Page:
Army Close to Selecting Lights, Holster for New Service Pistol

The Army is considering this pistol light made by LaserMaxDefense for use on its new Modular Handgun System. The light is shown on a Sig Sauer P320, which is similar to the XM17 MHS. (Photo: LaserMaxDefense)
The Army is considering this pistol light made by LaserMaxDefense for use on its new Modular Handgun System. The light is shown on a Sig Sauer P320, which is similar to the XM17 MHS. (Photo: LaserMaxDefense)

U.S. Army equipment officials are working on a program to find a new pistol holster that will allow soldiers to carry the Modular Handgun System with or without a weapon light and aiming laser mounted to it.

Last year, the Army selected a holster, made by The Safariland Group, to issue initially with its new XM17 MHS but planned to find a light-compatible holster for units that need the capability.

The MHS, made by Sig Sauer, features an accessory rail that allows soldiers to mount pistol lights and other devices for operating in low-light conditions.

"I have the rail on the pistol; now I need to get you the enabler to go with it," said Daryl Easlick, small arms deputy for the Lethality Branch at Fort Benning, Georgia. "And you are going to have to be able to holster it."

The Army has identified pistol lights with infrared aiming lasers made by LaserMax Defense and Streamlight that meet its requirements, and the service is close to selecting a holster that will work with both devices, Easlick said.

Equipment officials from Program Executive Office Soldier have "been working for the last year trying to get source selection complete on the Modular Handgun Holster program of record," he said. "That source selection should be near completion ... from what they have told us, it's any day now." reached out to PEO Soldier to ask about the new holster selection, but did not receive a response by press time.

The Army plans to issue the full-size XM17 version of MHS to team leaders and above in infantry and other combat-arms units as well as military police in what's being called a dual-armed strategy.

Soldiers will train to transition from their M4 carbines to the MHS in situations where they have a weapons malfunction and targets are too close to fix the stoppage, Easlick said.

"Rather than fixing a stoppage ... I'm going to transition to a different weapon system, engage those targets and then get my carbine back in the fight," he said. "If they are doing that in the daytime, they should be doing that at night as well."

Last year, the Army began an effort under the Soldier Enhancement Program to find a weapon light and holster that would work together.

The challenge is that most light-compatible, polymer holsters grip the weapon light, not the pistol, so the weapon must have the device attached to fit securely in the holster.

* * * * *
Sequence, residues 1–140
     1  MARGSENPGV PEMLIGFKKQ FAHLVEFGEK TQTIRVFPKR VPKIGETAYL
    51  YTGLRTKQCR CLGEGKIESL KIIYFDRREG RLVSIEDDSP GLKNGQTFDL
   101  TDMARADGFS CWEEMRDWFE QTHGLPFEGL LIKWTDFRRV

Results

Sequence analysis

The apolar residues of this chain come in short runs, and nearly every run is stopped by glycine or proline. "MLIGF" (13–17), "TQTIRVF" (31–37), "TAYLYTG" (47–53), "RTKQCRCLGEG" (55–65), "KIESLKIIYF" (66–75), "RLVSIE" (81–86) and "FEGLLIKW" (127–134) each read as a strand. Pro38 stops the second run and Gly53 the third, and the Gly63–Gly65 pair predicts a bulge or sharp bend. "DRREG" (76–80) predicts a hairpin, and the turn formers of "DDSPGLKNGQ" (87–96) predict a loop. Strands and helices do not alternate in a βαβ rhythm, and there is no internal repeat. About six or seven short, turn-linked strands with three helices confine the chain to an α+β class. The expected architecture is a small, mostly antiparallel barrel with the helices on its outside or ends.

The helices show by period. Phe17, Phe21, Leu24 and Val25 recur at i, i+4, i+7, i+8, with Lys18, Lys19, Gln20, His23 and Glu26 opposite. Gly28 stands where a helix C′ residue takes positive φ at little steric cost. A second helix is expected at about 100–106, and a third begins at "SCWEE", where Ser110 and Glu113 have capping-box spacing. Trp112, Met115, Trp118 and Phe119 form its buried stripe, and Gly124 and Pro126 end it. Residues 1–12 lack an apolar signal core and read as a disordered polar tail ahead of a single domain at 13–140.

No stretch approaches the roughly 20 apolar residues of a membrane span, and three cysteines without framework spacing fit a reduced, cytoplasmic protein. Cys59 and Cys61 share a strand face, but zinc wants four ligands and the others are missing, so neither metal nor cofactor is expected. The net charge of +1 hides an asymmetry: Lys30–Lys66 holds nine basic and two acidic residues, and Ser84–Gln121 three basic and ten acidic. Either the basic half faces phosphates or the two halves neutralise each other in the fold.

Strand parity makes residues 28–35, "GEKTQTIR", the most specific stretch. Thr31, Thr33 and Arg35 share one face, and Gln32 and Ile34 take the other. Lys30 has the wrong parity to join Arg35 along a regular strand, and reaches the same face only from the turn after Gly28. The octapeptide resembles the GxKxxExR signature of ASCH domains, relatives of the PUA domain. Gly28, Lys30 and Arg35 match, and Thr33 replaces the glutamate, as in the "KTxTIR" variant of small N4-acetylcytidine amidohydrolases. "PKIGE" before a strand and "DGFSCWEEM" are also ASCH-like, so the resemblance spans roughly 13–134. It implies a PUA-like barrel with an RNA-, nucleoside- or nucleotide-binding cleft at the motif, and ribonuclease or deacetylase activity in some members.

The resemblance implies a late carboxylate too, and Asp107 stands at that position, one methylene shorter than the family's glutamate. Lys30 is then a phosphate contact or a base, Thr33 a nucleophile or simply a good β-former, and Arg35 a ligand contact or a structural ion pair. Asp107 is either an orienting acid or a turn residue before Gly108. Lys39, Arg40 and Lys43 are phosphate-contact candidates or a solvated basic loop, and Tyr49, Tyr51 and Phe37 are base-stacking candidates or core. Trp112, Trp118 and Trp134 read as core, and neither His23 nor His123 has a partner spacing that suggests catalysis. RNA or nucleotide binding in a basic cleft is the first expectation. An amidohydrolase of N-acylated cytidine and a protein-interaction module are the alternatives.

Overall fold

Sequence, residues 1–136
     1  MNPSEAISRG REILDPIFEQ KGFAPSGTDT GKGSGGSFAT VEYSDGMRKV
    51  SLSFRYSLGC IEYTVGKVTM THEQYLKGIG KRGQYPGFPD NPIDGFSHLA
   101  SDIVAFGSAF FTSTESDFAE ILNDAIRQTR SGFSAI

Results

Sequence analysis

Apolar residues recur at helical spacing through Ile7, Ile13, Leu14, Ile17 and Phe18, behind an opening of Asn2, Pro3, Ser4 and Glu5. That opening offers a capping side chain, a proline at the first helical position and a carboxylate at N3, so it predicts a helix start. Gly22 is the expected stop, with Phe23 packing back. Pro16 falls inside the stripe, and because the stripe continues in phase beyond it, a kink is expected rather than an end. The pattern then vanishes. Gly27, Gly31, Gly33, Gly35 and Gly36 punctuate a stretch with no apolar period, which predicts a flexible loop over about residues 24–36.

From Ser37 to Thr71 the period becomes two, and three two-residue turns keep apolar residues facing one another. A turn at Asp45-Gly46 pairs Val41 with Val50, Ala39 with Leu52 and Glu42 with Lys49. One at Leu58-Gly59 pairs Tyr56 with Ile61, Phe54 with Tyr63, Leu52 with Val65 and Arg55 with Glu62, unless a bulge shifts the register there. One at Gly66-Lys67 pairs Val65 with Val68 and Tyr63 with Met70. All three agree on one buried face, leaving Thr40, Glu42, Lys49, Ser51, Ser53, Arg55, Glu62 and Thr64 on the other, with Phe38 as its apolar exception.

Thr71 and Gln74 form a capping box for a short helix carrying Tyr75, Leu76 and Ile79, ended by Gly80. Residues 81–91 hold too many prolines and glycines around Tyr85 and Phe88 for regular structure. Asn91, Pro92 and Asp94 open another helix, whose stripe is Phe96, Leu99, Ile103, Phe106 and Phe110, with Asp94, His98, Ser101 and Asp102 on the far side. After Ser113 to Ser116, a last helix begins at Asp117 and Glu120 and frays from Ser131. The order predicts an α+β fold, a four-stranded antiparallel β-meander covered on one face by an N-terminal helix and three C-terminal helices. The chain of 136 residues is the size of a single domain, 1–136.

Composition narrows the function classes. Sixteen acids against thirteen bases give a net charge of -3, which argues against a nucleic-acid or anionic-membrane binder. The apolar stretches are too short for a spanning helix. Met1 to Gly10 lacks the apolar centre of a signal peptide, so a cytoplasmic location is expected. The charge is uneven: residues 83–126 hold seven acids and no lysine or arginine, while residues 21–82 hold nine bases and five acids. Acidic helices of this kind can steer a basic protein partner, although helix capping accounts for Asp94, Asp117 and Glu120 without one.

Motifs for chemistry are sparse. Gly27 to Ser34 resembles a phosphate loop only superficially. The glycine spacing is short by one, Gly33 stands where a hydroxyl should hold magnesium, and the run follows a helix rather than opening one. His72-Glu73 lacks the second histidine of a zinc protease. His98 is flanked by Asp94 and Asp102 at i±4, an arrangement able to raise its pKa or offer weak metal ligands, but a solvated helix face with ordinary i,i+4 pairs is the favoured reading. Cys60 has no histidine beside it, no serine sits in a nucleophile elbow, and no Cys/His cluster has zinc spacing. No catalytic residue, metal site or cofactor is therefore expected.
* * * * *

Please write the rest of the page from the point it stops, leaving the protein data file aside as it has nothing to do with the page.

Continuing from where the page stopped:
"We wanted the holster to be able to take the weapon, whether it has a light on it or not," Easlick said. "We did a lot of discussions with the companies that are out there -- how do you get a weapon to slide into the holster and lock when you don't have all of the parts on there? That is where we started, because that was a key requirement taking the gun, lit or unlit."

Army officials decided that the weapon light would have to be no more than 1.5 inches wide and not extend beyond the frame of the XM17.

"That's what has to fit in the holster," Easlick said, explaining the dimensions holster manufacturers were given.

The device would have to have enough power to allow the soldier to see if there is a weapon in the potential target's hands at 25 meters, and have a continuous runtime of 90 minutes, he said.

So far, LaserMax Defense and Streamlight have "come and said they have something that will fit," Easlick said.

Sometime this summer, the Army will have soldiers from operational units evaluate both light models, he said. The four-day event will have soldiers shooting the MHS with each device attached in operational scenarios to get feedback on soldier acceptance.

For now, the program will remain in the Soldier Enhancement Program, so the "intent would be, if you meet the requirements for all of it ... we would assign an NSN," Easlick said, describing how unit commanders could then use the national stock numbers to purchase them with unit funds.

"We tried to make sure we were clear and upfront with the vendors ... especially if this is going to be a unit commander thing, I don't want them spending their entire annual allocation of unit funds on pistol lights," he said.

Army officials are trying to find funding to make this a program of record, Easlick said.

But "we have got a lot of stuff going on and this isn't the highest priority," he added.

"We want to get a program of record for this, but we are also realistic; I would rather have a [weapon light] on my rifle than I would on my pistol," he said.

-- Matthew Cox can be reached

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